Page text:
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While on the tour, you will learn about the Experimental Collection, a series of whiskies made with non-traditional ingredients and/or processes. You may get lucky enough to taste one of these straight off the still as well. The newborn rice whiskey, for instance, is delicious -- light, fresh and reminiscent of sugarcane (which bodes well for its future aged release). The hard hat tour ends with a tasting of bourbons and bourbon cream liqueur.

To the south of Buffalo Trace in Versailles is Woodford Reserve, a small-batch boutique distillery and one of the stops on the official Bourbon Trail. The drive out to Woodford is picturesque, with rolling green hills and horse farms adorning the countryside. The distillery’s grounds are just as lovely, marked by old stone buildings and luscious greenery. The distillery tour details how Woodford’s bourbon is made, with a rye-heavy grain mixture and finishing by maturing in charred white oak barrels. The tour concludes with a taste of the bourbon and a bourbon ball (a truffle-like confections of chocolate and bourbon) to boot.

Enjoy a scenic drive from Versailles to Lawrenceburg, home to Wild Turkey, which was  founded as the Ripy Family Distillery in 1869 by brothers John and James Ripy. It was bought in 1939 by the Austin, Nichols company, which still owns it today, under the Campari Group. According to the distillery, Wild Turkey got its name when executive Thomas McCarthy brought some company hooch along on a turkey hunting trip. When his hunting buddies later asked about the “wild turkey whiskey”, the name stuck. Despite its low price point, Wild Turkey makes some of the world’s best bourbon, highly regarded by professional whiskey tasters.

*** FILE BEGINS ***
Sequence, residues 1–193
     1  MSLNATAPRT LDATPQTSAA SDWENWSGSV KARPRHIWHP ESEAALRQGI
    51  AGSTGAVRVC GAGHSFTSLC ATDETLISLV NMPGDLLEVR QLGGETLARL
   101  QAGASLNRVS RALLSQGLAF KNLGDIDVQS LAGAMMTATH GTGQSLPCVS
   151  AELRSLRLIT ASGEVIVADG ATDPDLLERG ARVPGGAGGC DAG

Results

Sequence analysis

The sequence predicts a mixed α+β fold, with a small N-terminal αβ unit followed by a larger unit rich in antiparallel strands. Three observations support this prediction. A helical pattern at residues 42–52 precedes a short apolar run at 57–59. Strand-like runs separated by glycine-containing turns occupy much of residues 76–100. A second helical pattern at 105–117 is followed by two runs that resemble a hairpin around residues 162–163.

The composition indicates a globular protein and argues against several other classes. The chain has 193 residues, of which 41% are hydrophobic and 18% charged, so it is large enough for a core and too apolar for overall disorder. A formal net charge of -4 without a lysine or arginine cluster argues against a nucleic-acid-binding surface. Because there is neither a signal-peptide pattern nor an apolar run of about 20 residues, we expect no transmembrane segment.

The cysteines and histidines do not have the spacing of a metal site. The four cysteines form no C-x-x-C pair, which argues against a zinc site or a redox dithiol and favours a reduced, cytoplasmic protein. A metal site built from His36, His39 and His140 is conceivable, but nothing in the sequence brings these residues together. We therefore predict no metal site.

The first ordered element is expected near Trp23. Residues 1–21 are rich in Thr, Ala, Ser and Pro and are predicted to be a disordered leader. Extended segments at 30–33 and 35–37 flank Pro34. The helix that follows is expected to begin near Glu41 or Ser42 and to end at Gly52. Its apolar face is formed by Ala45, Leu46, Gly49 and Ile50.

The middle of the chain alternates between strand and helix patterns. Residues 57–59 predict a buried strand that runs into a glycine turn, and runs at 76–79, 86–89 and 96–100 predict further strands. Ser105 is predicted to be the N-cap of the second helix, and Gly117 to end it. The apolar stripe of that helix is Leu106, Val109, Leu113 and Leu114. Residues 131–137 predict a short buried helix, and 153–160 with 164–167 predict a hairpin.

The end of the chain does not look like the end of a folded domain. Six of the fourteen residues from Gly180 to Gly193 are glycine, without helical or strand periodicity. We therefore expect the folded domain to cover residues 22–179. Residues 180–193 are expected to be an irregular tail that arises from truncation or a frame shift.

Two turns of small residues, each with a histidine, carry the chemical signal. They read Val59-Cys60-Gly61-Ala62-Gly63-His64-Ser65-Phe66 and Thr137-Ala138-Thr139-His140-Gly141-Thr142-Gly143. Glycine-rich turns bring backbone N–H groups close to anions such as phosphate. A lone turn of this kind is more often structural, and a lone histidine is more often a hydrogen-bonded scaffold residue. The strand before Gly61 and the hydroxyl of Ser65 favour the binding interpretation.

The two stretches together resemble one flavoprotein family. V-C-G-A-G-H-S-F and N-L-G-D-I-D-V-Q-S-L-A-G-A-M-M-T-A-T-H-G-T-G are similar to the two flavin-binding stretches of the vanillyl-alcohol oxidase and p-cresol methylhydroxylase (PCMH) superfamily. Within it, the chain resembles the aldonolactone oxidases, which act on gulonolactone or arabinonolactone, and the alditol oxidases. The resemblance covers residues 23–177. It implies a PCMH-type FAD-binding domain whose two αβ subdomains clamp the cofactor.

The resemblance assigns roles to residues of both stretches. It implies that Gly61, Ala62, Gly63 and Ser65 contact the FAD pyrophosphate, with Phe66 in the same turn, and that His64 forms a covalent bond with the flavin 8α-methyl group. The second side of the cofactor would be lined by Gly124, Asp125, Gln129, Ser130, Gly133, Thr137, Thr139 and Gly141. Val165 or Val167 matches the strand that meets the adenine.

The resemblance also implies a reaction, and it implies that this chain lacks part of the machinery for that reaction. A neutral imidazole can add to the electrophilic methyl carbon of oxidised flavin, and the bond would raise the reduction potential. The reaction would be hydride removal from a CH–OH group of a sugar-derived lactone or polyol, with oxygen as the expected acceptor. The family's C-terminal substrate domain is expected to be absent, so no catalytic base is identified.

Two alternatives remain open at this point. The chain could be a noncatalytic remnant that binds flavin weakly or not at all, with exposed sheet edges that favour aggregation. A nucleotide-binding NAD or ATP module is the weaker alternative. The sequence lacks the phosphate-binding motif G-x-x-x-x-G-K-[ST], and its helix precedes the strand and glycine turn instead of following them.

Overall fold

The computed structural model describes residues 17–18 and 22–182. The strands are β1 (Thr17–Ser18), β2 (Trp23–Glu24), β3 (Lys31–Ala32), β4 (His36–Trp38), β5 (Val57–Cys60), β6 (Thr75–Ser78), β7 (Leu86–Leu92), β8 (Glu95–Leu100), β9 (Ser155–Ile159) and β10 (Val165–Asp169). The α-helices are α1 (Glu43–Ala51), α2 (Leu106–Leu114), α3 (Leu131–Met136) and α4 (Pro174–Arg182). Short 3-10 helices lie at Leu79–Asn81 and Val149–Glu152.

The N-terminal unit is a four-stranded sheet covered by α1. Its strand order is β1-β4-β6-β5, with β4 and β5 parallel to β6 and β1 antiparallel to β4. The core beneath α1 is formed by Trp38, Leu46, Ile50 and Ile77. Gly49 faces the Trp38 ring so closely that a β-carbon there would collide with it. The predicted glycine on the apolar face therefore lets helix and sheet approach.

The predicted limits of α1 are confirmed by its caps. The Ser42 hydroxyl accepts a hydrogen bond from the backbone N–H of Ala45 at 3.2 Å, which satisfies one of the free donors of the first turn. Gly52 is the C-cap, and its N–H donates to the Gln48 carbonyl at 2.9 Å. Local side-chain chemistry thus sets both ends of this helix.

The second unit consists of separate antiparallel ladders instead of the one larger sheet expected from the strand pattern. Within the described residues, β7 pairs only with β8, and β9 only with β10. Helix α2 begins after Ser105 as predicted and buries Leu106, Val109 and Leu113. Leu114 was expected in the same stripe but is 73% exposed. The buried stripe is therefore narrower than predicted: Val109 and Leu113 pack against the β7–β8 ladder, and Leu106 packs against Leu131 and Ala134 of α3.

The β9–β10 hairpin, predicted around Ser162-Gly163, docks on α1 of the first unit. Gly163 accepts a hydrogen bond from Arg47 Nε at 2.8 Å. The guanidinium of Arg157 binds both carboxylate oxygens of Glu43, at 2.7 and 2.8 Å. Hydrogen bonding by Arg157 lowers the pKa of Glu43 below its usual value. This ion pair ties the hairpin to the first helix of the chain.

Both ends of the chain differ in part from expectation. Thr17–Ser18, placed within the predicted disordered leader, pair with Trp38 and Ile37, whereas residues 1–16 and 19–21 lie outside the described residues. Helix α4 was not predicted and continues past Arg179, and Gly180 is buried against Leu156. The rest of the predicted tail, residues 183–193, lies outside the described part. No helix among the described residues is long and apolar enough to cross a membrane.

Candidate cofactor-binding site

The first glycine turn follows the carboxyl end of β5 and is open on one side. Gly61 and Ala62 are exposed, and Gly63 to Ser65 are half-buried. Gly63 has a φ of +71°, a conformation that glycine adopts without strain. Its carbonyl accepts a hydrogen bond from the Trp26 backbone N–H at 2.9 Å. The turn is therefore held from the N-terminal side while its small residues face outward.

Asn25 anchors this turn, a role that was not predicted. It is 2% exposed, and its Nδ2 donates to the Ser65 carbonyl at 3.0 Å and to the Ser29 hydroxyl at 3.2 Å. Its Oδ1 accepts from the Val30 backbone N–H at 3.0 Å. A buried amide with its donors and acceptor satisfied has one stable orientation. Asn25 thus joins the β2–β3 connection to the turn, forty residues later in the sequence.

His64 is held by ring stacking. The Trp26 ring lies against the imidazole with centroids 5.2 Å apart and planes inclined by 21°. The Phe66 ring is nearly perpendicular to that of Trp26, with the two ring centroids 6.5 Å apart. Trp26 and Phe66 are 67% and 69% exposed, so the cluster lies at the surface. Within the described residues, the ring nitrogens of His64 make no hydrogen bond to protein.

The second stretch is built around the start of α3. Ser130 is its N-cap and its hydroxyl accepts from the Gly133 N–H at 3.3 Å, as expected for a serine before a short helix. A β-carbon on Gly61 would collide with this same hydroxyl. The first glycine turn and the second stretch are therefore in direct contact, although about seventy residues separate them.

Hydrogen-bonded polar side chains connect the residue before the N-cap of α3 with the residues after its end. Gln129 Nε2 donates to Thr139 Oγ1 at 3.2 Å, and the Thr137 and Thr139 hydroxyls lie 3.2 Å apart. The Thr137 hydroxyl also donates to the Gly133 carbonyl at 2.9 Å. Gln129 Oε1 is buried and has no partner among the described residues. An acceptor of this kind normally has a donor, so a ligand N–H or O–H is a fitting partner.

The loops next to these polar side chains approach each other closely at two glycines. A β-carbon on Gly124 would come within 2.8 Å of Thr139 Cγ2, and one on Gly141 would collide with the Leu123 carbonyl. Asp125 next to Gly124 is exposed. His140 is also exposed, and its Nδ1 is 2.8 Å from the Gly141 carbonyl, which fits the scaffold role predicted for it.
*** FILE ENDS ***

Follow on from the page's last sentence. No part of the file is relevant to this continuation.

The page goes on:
After touring the Wild Turkey facility, you may be lucky enough to taste Wild Turkey Rare Breed, a blend of six-year, eight-year and 12-year batches that is barrel proof (read: bottled without any addition of water) at 54.2% alcohol. It is robust and bold with a silky texture and the aroma of honey.

After a day of distillery hopping, head to Louisville for a nightcap. It is about an hour’s drive from any of the distilleries mentioned above, so you should probably stop off for a bite on the way. Opt for Ken-Tex Bar-B-Q in the town of Shelbyville, where Kentucky imports a bit of Texas for some hearty slow-cooked pork.

With the many tours and samples behind you, it is time to sit back, relax and sip a real glass of the good stuff. Dimly lit and laden in comfortable dark wood, Bourbons Bistro is an inviting den for tipple tasting in lively Louisville. Try the Van Winkle 12 Year, or, if they have it and you feel like spending a little extra, the Pappy Van Winkle 20 Year. Both very rare, the 12 Year is soft and buttery yet somehow refreshing and the Pappy 20 Year is deep and complex, washing over the palate with a bit of spiciness and traces of sherry and molasses.

If you have some time in Kentucky, continue your respite in Louisville by indulging in the local food and music. Start with a leisurely breakfast/brunch at Toast on Market, where you will have to wait for a table – but you will be glad you did. The cooks here treat eggs with the delicacy they deserve, poaching them into snugly formed clouds with runny, sun-coloured centres. Try the restaurant’s namesake, the Toast and Eggs, served on homemade brioche bread.

Then wander over to one of the three Bluegrass Brewing Company pubs in town. The St Matthews location is a brewpub that hosts live local music in its beer garden on Wednesdays and Thursdays. The company’s infamous bourbon barrel stout is a rich, roasty, velvety dark beer that has been aged in barrels from Four Roses Distillery. The menu includes the Hot Brown, an open-faced baked sandwich of smoked turkey, bacon, cheese and Mornay sauce invented in Louisville’s Brown Hotel in 1926, and the barbeque sandwich, a pulled-pork sandwich slathered in a sauce made with the company’s own Dark Star Porter.

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